ANALYSIS : What a Difference a Year Makes for the Orioles
At a cookout on July 4, Steve Gardner, a Baltimore financier, was talking about the Orioles. A lot of people were talking about the Baltimore Orioles at cookouts that day.
The night before, Gardner, along with some 35,000 others, had attended the final game of the O’s last home stand, an 11-4 win over the Detroit Tigers.
“I really enjoyed that game,” said Gardner. He said it with such conviction that further comment seemed called for.
“What did you like most about it?” he was asked.
The Harvard-educated Gardner gave the question some thought.
“That it was not like last year,” he said. “Basically, it’s a lot of fun going out there now.”
That little anecdote sums up much of how the first half of the ’89 season has gone for Baltimore and its Orioles.
The upstart O’s, picked last this year by every expert, have reached the All-Star break with a 5 1/2-game lead in the American League East, the biggest lead in the majors.
Attendance at Memorial Stadium, where the club will appear only seven times the rest of the month, is going at a record clip.
The O’s should break the old club mark of 2,132,387. With the right set of circumstances, they could do 2.3 or 2.4 million.
All of this -- the winning, the huge crowds, the fun the fans are having -- adds up to the most amazing thing I’ve seen in the years I’ve covered sports.
It makes no sense, this Orioles team being 48-37 at the break. It defies logic and intelligence.
Some of the supposedly wisest prognosticators were roughest on the Orioles going into this season.
One, Thomas Boswell ridiculed the O’s in the Washington Post on March 26.
He called them “a team for whom every day is Friday 13.” He said they could “with enough ill luck break every record for futility.” That they have only one player in the organization (Cal Ripken) “who’s definitely a major-leaguer.” Boswell said 1989 “could be even more amazingly bad than 1988,” when the team lost 107 games.
Boswell even assured us that the club’s woes would not end this season.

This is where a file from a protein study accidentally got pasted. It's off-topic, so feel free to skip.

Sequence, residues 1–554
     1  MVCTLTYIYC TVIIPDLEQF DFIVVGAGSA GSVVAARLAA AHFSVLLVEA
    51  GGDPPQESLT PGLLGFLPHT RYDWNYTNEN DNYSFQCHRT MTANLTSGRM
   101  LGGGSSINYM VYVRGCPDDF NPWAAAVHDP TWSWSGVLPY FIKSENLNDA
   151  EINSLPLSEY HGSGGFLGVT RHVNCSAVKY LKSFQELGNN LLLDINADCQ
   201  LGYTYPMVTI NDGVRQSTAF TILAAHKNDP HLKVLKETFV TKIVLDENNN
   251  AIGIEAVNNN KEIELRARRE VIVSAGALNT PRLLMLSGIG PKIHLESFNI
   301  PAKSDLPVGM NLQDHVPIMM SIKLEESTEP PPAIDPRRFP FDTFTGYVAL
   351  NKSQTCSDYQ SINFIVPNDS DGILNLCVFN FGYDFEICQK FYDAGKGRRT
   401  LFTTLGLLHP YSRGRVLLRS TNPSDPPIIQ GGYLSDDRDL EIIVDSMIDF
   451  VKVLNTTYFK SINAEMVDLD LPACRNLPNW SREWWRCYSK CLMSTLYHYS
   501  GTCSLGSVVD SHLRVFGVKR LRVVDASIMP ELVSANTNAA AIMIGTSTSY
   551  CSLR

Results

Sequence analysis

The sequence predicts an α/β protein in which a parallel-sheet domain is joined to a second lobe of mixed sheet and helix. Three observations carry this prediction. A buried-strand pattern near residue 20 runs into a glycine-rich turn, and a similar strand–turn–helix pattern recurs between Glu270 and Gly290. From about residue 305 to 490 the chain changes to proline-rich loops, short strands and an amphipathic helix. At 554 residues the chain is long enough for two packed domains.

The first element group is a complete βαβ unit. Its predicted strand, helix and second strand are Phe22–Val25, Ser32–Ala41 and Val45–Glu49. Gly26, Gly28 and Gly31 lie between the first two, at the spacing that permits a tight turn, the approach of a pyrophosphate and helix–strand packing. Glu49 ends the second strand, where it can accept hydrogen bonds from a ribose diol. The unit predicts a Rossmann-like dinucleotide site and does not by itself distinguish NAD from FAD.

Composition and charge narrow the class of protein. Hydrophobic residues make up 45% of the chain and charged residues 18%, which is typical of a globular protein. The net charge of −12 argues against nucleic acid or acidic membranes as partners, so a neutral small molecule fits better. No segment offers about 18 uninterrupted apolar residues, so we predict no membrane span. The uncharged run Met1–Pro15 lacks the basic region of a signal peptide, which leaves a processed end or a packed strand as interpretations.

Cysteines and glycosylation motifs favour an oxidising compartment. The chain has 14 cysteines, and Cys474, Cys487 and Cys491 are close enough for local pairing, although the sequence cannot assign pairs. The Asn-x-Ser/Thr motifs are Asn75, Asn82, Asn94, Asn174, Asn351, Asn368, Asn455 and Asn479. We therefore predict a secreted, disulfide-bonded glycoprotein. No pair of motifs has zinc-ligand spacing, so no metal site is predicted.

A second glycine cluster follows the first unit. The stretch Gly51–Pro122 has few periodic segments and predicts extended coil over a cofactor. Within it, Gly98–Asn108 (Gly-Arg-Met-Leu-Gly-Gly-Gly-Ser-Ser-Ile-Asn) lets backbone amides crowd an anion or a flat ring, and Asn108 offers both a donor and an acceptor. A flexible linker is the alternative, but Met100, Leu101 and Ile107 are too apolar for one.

“No matter how well the Orioles rebuild,” he wrote, “even if their fondest hopes are realized for their young players, this team will lose, and lose badly, for the next two to three years.”
None of his pontification seemed laughable in March. Today it all does.
Nobody can really explain how the Orioles have done this.
“The chemistry on this ballclub is outstanding,” said Manager Frank Robinson. “Our young ballplayers are trying to establish themselves as major-leaguers.”
In the same vein, thousands of fans have said that these O’s, with the lowest payroll in the majors, are hustling, that Robinson has them playing good, fundamental baseball, and that the day of the overpaid, underachieving free-agent superstar has, thank goodness, ended in Baltimore.
Can attitude overcome all the shortcomings of this Orioles club?
Can hustle and good fundamentals compensate for a roster that includes, as the Washingtonian wrote, only one major-league player?
Apparently so, if the standings are to be believed.
As Steve Gardner said, the Orioles are different this year. They are different because they are winning, and because they are winning, they are fun.
To me the biggest difference is the defense. I never realized how much good defense can improve everything.
Late Friday night, I turned the Oriole-Milwaukee Brewer game on the radio. The first Brewers batter hit a line drive to first that Jim Traber leaped in the air and speared. The next batter hit a ball to the outfield that was caught by a diving Steve Finley.
Against the old Orioles defense, Milwaukee scores a run on those two batters alone. Against these 1989 Orioles, it’s just two outs. It’s been that way all season, beginning with Day 1, when Finley ran into a fence face-first to catch a flyball against Boston.
When the Orioles’ infield, led by Cal and Billy Ripken, can turn three double plays in a single game, it does wonders for a pitcher’s ERA.
“Every time I see the highlights of an Oriole game on TV,” said Milwaukee General Manager Harry Dalton, “one of their outfielders is making a diving catch.”
Defense has never before been so much fun to watch -- Bill Ripken’s sensational play at second, Traber’s glove work at first, the sliding, diving catches in the outfield.
Hustle? Brady Anderson is having trouble keeping his batting average over .200, but watching him run to first base and get thrown out gives me a bigger kick than watching a superior hitter amble to first with a base hit.
Hey, God bless these kids. They’ve done it for half a season and we’re loving it. Now we can only root for them to keep it up until October.
In the press box the other evening, I asked a respected out-of-town reporter where he thought the Orioles would be at the end of the year.
“They’ll be around .500,” he said with a shrug.
In this division, that could win it. At the break, the Orioles are the only team in the division with a winning record.